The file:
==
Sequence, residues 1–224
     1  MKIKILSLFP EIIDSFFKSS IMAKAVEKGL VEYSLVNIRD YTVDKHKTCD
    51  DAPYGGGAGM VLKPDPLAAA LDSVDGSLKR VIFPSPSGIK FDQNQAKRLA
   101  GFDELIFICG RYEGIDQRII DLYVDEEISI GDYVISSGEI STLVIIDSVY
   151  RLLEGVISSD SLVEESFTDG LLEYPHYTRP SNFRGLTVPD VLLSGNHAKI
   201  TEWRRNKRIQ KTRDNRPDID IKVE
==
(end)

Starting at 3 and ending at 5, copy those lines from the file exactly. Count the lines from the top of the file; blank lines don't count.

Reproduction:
    51  DAPYGGGAGM VLKPDPLAAA LDSVDGSLKR VIFPSPSGIK FDQNQAKRLA
   101  GFDELIFICG RYEGIDQRII DLYVDEEISI GDYVISSGEI STLVIIDSVY
   151  RLLEGVISSD SLVEESFTDG LLEYPHYTRP SNFRGLTVPD VLLSGNHAKI